Extracellular vesicle-mediated cross-talk during human brain development and disease

Title Extracellular vesicle-mediated cross-talk during human brain development and disease
Acronym ExoDevo
Website https://www.psych.mpg.de/cappello
Start date 2022-10-01
End date 2027-09-30
Sponsor European Research Council - Consolidator Grant (ERC-CoG)
Institution Max Planck Institute of Psychiatry

Associated cell lines

Project Description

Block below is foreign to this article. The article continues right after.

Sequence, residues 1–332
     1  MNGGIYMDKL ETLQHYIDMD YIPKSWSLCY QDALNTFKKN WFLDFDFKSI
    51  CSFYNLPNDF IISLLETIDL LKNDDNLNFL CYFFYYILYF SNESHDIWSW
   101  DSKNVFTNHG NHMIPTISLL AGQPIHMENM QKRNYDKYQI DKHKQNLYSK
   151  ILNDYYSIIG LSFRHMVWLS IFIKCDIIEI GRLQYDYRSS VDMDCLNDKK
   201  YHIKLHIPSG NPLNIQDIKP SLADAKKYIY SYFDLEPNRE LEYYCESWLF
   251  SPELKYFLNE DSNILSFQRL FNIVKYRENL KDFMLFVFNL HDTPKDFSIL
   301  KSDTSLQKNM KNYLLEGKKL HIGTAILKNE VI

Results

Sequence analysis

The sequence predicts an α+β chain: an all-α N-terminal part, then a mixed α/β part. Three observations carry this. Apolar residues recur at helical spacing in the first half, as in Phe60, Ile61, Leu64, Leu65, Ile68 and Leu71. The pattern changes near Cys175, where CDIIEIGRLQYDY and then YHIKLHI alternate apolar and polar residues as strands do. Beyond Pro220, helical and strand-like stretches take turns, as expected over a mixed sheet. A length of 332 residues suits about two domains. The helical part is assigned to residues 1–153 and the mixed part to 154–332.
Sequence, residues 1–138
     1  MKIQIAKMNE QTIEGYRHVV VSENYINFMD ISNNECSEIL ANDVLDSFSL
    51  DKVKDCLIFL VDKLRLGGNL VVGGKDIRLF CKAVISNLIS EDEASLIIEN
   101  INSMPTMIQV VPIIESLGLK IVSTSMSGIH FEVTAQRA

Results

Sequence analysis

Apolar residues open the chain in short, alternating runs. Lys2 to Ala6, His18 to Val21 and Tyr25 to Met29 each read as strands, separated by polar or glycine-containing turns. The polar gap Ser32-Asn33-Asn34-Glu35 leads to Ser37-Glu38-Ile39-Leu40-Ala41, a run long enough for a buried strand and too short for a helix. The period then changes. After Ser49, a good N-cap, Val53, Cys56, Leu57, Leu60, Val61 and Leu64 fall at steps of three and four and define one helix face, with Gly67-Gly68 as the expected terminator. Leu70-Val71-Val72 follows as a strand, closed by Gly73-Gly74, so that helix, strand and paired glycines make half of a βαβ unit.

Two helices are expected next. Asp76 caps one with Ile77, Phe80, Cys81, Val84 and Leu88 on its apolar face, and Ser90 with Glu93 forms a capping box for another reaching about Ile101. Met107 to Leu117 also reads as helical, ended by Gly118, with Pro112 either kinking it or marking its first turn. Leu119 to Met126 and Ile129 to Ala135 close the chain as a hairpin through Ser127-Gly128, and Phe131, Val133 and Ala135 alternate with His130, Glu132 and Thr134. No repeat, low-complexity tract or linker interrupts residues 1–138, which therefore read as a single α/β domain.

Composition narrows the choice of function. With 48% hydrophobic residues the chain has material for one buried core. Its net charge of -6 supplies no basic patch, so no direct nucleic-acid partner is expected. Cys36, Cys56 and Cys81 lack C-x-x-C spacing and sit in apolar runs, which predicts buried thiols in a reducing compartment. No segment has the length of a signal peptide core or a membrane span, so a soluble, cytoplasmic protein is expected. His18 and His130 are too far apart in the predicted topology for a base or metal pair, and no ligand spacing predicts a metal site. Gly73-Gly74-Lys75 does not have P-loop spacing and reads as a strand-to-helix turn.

Cellular cross-talk is an essential process influenced by numerous factors including secreted vesicles that transfer nucleic acids, lipids, and proteins between cells. Extracellular vesicles (EVs) have been the center of many studies focusing on neuron-to-neuron communication while the role of secreted vesicles in progenitor-to-neuron and -astrocyte communication occurring during brain development has not been systematically investigated. Extracellular signals regulating the development of the brain are key players altered in many neurological and psychiatric diseases. With ExoDevo, I will investigate the role of EVs during brain development and identify new cell non-autonomous mechanisms underlying neurodevelopmental disorders. To achieve this aim, I will focus on the physiological function of EVs that mediate the signals for cell-to-cell cross-talk and combine transcriptomic, proteomic, imaging and functional analysis of EVs derived from human cerebral organoids. This will open new avenues in order to tackle fundamental questions, such as how different cells communicate and feedback at different times and distances in the highly dynamic process of brain development. Ultimately, this will be investigated in human models of neurodevelopmental disorders and will allow me to identify pathologically altered cellular cross-talk mediated by EVs. This knowledge of the cellular processes governing EVs’ biology will provide the basis to better understand novel mechanisms underlying brain development and neurodevelopmental human pathologies and explore new deliverable compounds for therapy. My expertise in human brain development and diseases together with the possibility of combing multiple technologies will be indispensable to achieve these essential goals. Meanwhile, exploring these novel aspects of brain development will bring me beyond my current research focus and broaden my perspectives on neurodevelopmental disorders.